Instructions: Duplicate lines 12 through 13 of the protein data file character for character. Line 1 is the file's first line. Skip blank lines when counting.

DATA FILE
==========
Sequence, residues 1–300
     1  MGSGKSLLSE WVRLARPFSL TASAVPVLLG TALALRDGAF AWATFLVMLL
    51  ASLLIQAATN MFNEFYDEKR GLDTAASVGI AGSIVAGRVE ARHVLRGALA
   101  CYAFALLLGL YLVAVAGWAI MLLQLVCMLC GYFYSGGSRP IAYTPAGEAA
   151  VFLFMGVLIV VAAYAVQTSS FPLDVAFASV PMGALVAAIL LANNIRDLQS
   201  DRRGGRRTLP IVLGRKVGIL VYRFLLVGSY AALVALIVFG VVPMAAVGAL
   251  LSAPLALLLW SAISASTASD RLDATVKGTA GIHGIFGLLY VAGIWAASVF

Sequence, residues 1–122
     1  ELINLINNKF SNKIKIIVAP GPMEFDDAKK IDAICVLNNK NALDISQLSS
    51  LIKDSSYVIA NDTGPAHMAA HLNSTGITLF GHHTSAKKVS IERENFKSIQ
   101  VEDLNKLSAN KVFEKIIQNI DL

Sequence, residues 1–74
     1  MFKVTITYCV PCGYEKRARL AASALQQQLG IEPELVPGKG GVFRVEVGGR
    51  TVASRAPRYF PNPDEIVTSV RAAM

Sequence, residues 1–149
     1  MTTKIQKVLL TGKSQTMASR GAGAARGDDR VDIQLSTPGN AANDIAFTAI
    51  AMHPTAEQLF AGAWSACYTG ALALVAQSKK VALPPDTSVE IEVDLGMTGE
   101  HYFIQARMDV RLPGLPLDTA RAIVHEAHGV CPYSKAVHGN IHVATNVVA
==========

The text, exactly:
Sequence, residues 1–74
     1  MFKVTITYCV PCGYEKRARL AASALQQQLG IEPELVPGKG GVFRVEVGGR